Universal appears to be the only major record label that has figured out how to make money from online music distribution.
The secret: Let someone else do it and then sue the bejesus out of them.
Universal could collect as much as $250 million from the lawsuit it filed against MP3.com, a Web site that distributes music as compressed digital files known as MP3s. A federal judge ruled earlier this month that the site violated Universal's copyrights by letting people download songs by the label's artists without its permission.
Other major labels filed similar lawsuits against the site, but they settled out of court for an estimated $20 million apiece a price that now looks like a bargain bin special. By handing over its Net business strategy to a team of lawyers, Universal has turned a minimum investment into a dot-com-style windfall.
Still, this business model doesn't have much in the way of legs. While record labels can count on winning virtually any copyright case they file against online music sites, most of the defendants don't earn enough money to make a lawsuit worthwhile.
MP3.com is living off the $344 million it generated in its July 1999 IPO, but its stock has since dropped to less than a fifth of its offering price. If appeals courts uphold the award granted to Universal, the site may go out of business.
Scour, a song- and movie-swapping service, recently announced it would lay off the bulk of its staff after it was targeted by an entertainment industry lawsuit. And Napster, the embattled site that helps more than 20 million registered users swap MP3s, would have trouble paying off its own copyright case.
These sites have grown popular by providing Net users with the thing they love most: free stuff. But like many struggling dot-com companies, they still haven't figured out a way to turn goodwill into a good business.
Race for money
Record labels, meanwhile, possess what the song-swapping services lack: the legal authority to make money off the songs and artists people want to hear. But despite this seeming advantage, they're trailing these fundamentally flawed businesses in the race to make money online.
The path to profits seems simple enough. Since people are so interested in digital music, labels should try selling it to them. But the industry is paralyzed by fear that pirates will swap flawless digital copies of anything they might sell online.
Well, here's a news flash: It's happening already, and there's nothing anyone can do to stop it. For every Napster the industry manages to cut off, a half dozen new services will grow in Hydra-like fashion to replace it. Anyone who wants to search for bootleg copies of popular songs will find them period.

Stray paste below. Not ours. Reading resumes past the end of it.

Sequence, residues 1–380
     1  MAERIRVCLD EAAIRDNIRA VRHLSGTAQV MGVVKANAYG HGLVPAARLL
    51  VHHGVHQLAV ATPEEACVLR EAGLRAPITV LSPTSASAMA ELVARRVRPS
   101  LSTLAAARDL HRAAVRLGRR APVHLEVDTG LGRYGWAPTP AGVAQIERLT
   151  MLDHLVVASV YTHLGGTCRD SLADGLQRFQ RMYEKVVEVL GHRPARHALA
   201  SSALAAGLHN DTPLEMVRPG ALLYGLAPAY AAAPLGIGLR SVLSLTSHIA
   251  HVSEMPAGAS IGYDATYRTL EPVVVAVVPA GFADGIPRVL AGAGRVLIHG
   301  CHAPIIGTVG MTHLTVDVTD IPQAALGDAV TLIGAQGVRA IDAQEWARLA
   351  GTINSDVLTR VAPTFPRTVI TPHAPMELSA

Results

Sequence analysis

Meanwhile, the industry's legal battles are creating ill will among the very people it should be courting as customers. While these lawsuits will produce the occasional MP3.com-style payoff, they also give millions of people a reason to feel good about ripping off record companies.
So what should the labels do? First, they ought to abandon their quixotic pursuit of a secure digital music format.
The industry has held off selling songs online until someone can produce a format that prevents bootleg copies. But the eventual need to turn digital bits into analog signals guarantees no system will ever be foolproof. Six months after any such format is released, it will be rendered moot by a program distributed for free online.
Since the industry will always be competing with free versions of its own songs, it needs to give people a reason to pay. They can do this by making legitimate songs easier to find and faster to download. Since file-swapping services rely on relatively slow personal Net connections, people would pay for convenience.
People also will pay for service. Labels could allow customers to create custom mixes of their favorite artists and make the finished product available for download. They also could beam a higher-fidelity version by satellite to a CD burner at a local record store, since MP3s offer noticeably lower quality than CDs.
Moreover, they could offer custom, subscription-based streaming audio stations that feature unreleased songs and exclusive interviews with the label's performers. And buyers could earn bonus points, verified by encrypted digital signatures, to be used toward purchases at local record stores.
None of this would create any more piracy than already exists. Indeed, by giving Net users reasons to play it straight, the industry could discourage piracy by going digital the right way.
To contact syndicated columnist Joe Salkowski, you can e-mail him at email@example.com or write to him c/o Tribune Media Services Inc., 435 N. Michigan Ave., Suite 1400, Chicago, IL, 60611.
For reprint and licensing requests for this article, CLICK HERE.